Long silence, sorry. Life happening. Life is work (some really fascinating books coming up this summer); cooking (I have a great new kitchen and the Mark Bittman How to Cook Everything cookbooks and apps, and I'm loving using both); teaching (in the last two weeks of my Writer's Digest Plot Master Class); and running (the Brooklyn Half-Marathon is in three weeks, and I have to run ten miles later today). Also Mad Men, because I trust Matt Weiner to take us somewhere good.
The Narrative Breakdown podcast is back! James has posted two episodes in the last two weeks, including one on "First Person POV in Film," with our friend Jack Tomas, and "Crafting Subjectivity within Objective Point of View" -- or, more accurately, how to convey a character's thoughts when you're writing third-person -- with me.
Some tidbits I've written in the Master Class discussions, to make up for the lack of content here:
In terms of manuscript reading, when I'm hearing a pitch or something, I think of something "new" as:
1) an unfamiliar/unusual setting or character -- often meaning an international or historical setting, as with WORDS IN THE DUST in the lesson, or a delightful YA historical I published this last spring, THE FIRE HORSE GIRL. Most parts of the United States do not get to count as new.
2) an unusual combination of elements -- like ninja chick lit, or a dystopian verse novel (not that I have actually seen one of these, but it would certainly be new) (and kind of awesome if done right, now that I'm thinking about it).
3) An inversion of the usual: An eight-year-old boy who hates dogs, for instance (rather than wanting one as does most of his fictional ilk), or a teenage girl who becomes a superheroine by staying at home (like Sansa Stark made awesome).
I think the key things that make a book "quiet" are the stakes, the pace, and the tone of the voice. When the stakes are low -- when what might happen obviously isn't going to be life-changing in any direction; for instance, will a certain character make it home in time for dinner -- then it's easy for a reader not to feel invested in the action, since who cares? When the novel dwells more on tiny moments than big gestures -- when the camera is set on an ultra-zoom on the action, let's say, so every glance or twitch seems to have importance to the author -- that can be lovely if we're invested in the characters and the stakes (a la Jane Austen novels) . . . or it can be deadly slow and quiet, because everything takes forever to narrate, and none of the action is very dramatic, or out of the ordinary way.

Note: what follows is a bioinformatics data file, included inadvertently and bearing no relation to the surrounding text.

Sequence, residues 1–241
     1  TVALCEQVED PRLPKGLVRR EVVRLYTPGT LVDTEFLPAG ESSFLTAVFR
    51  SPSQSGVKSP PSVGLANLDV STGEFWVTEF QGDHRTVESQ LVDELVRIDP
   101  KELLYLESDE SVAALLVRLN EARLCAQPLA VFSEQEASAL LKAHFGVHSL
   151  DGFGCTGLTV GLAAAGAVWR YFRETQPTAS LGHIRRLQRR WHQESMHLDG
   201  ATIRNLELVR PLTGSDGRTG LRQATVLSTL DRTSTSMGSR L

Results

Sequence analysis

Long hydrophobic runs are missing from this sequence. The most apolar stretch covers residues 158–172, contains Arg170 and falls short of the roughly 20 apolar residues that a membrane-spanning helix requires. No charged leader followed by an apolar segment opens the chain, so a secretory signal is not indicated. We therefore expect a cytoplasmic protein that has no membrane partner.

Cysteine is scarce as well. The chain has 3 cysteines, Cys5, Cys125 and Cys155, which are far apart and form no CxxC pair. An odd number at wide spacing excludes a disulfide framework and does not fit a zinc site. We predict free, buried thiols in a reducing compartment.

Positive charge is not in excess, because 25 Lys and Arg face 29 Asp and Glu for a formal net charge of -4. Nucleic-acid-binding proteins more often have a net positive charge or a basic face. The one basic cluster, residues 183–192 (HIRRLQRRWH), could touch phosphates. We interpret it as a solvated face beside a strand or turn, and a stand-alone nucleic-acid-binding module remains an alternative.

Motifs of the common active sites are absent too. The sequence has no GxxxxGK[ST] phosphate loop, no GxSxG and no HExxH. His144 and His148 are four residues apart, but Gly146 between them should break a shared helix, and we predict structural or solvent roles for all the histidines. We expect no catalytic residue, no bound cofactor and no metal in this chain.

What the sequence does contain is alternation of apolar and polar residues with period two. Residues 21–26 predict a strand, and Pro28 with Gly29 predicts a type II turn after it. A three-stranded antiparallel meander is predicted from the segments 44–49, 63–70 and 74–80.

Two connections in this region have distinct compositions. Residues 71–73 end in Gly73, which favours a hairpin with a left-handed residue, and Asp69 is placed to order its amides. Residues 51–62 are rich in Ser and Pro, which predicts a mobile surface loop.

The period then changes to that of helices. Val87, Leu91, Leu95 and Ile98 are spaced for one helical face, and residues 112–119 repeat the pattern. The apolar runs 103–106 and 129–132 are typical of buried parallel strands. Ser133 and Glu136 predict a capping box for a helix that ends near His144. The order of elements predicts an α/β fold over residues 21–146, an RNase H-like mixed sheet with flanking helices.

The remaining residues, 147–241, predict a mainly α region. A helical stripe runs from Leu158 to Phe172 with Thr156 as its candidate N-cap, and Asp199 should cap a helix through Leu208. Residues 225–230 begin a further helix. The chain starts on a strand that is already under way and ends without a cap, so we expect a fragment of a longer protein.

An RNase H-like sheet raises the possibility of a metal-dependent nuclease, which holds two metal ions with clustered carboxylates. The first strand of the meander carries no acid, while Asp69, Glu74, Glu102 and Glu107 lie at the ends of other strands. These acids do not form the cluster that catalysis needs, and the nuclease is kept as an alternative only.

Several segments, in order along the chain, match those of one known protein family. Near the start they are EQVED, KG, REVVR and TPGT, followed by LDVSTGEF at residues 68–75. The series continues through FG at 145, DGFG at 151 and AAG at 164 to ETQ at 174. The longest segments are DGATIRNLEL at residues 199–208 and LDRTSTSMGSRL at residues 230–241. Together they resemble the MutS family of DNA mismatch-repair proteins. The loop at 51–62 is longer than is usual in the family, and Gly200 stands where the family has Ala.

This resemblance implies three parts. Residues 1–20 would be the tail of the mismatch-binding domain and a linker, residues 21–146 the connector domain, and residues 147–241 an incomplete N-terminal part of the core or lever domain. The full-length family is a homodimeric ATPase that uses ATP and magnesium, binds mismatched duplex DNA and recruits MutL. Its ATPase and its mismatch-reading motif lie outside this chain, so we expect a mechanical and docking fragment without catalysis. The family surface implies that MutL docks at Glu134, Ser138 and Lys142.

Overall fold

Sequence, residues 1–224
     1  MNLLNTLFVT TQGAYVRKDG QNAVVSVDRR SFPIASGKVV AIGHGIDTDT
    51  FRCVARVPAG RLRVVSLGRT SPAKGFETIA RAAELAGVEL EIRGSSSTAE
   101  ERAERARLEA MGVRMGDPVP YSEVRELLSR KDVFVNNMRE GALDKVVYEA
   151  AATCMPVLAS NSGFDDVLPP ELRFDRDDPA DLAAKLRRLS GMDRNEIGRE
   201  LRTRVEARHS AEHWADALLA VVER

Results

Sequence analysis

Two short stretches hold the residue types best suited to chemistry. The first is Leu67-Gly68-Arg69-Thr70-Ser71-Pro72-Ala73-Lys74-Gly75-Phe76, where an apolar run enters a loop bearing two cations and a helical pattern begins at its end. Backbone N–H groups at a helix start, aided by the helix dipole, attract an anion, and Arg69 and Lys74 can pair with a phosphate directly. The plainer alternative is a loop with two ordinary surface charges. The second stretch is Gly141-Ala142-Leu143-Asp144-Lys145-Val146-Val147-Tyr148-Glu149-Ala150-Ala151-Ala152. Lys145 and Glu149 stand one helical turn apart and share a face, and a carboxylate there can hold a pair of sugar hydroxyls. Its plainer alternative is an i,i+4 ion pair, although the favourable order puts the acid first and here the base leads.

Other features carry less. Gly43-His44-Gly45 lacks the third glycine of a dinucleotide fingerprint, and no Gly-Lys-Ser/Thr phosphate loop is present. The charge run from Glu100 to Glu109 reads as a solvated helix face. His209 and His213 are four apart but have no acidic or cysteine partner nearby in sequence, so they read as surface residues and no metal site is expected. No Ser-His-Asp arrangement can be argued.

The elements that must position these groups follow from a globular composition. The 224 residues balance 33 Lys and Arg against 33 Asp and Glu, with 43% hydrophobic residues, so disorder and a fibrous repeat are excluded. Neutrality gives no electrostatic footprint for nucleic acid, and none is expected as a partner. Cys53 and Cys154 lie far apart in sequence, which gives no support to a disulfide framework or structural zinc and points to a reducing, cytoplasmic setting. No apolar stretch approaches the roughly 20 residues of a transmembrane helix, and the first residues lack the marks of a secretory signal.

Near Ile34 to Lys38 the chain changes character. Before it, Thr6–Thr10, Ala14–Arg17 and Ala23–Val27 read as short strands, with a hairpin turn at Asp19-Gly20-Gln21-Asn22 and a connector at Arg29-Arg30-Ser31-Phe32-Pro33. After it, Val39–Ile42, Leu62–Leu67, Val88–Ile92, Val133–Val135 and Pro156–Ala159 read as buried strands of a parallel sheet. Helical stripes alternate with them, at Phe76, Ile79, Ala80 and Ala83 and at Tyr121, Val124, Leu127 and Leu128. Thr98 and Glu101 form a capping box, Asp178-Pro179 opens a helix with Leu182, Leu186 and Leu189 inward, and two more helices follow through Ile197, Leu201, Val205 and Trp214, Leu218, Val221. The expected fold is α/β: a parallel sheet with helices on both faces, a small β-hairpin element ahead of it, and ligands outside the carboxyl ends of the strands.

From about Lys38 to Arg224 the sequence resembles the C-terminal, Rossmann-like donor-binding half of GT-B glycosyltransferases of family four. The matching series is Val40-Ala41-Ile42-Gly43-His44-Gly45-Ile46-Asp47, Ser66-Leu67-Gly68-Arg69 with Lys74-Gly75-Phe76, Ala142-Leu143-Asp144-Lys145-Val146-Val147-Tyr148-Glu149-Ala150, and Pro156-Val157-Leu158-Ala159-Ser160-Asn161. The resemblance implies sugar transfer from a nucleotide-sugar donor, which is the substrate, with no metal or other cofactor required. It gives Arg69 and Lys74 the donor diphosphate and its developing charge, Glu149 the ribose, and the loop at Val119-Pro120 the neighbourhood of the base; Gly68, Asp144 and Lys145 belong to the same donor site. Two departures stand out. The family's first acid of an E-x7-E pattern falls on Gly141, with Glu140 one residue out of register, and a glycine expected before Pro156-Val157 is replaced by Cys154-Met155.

And the tone . . . well, there's a difference between a narrator who says "And then it went SPLAT! all over the dirt!" and the one who says "It fell to the ground," or the one who takes the time to craft a lovely simile about the moon and include it in the story vs. the one who says "The blood looked black in the moonlight." Which is not to say one is better than the other, because one isn't, and I really like some quieter books -- Sara Zarr and Cath Crowley's novels come to mind. But I do think that if you're writing a quieter novel in today's marketplace, you have to have a really strong voice and really great characters to whom the reader deeply connects to make up for that lack of action.
I think quiet stories achieve success when the world and characters they portray are SO REAL and SO RICH and textured and believable that readers can't help but become involved in them, because they tell the truth about the world we live in -- even if the world in the book is not our particular world. These stories do the small particulars so well they become large and universal.
Dream sequences can serve a useful function in a novel if the dramatized dream helps the protagonist realize something that is buried deep in his/her unconscious, and that realization plays a role in the plot. BUT, far too often, they are excuses for writers to have lots of beautiful symbols and foreshadowing floating around for a bit that then takes forever to pay off in the actual action, AND they stop that action dead in its tracks for however many pages while the writer gets his or her symbolic ya-yas out. AND some writers use them as the primary way for the main character to receive information, which just feels cheap, as the main character isn't earning that information in any way -- it's a gift to the character from the writer, which really means a gift to the writer from his/herself. I like symbolism (or more accurately, image systems) a lot, and I think it can really enrich a book, but very often dream sequences just feel self-indulgent to me. If you have a lot of them, be sure every one is truly essential to the story, and keep them short.